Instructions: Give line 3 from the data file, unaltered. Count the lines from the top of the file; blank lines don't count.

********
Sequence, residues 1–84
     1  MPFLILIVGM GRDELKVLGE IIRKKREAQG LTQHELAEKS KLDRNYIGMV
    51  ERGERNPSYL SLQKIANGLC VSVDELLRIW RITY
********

    51  ERGERNPSYL SLQKIANGLC VSVDELLRIW RITY